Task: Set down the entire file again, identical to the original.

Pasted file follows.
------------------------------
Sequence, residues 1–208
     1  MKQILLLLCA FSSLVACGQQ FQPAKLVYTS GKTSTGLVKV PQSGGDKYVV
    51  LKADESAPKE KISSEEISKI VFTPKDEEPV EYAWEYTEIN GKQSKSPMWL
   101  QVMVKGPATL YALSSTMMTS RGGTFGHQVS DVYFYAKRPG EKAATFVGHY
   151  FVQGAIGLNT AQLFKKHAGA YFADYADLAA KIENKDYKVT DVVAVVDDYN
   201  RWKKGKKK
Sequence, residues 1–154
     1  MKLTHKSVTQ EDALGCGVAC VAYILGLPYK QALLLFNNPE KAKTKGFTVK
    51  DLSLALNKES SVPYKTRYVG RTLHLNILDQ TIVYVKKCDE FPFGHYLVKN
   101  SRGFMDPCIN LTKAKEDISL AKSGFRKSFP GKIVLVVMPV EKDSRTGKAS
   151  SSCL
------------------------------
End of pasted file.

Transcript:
Sequence, residues 1–208
     1  MKQILLLLCA FSSLVACGQQ FQPAKLVYTS GKTSTGLVKV PQSGGDKYVV
    51  LKADESAPKE KISSEEISKI VFTPKDEEPV EYAWEYTEIN GKQSKSPMWL
   101  QVMVKGPATL YALSSTMMTS RGGTFGHQVS DVYFYAKRPG EKAATFVGHY
   151  FVQGAIGLNT AQLFKKHAGA YFADYADLAA KIENKDYKVT DVVAVVDDYN
   201  RWKKGKKK
Sequence, residues 1–154
     1  MKLTHKSVTQ EDALGCGVAC VAYILGLPYK QALLLFNNPE KAKTKGFTVK
    51  DLSLALNKES SVPYKTRYVG RTLHLNILDQ TIVYVKKCDE FPFGHYLVKN
   101  SRGFMDPCIN LTKAKEDISL AKSGFRKSFP GKIVLVVMPV EKDSRTGKAS
   151  SSCL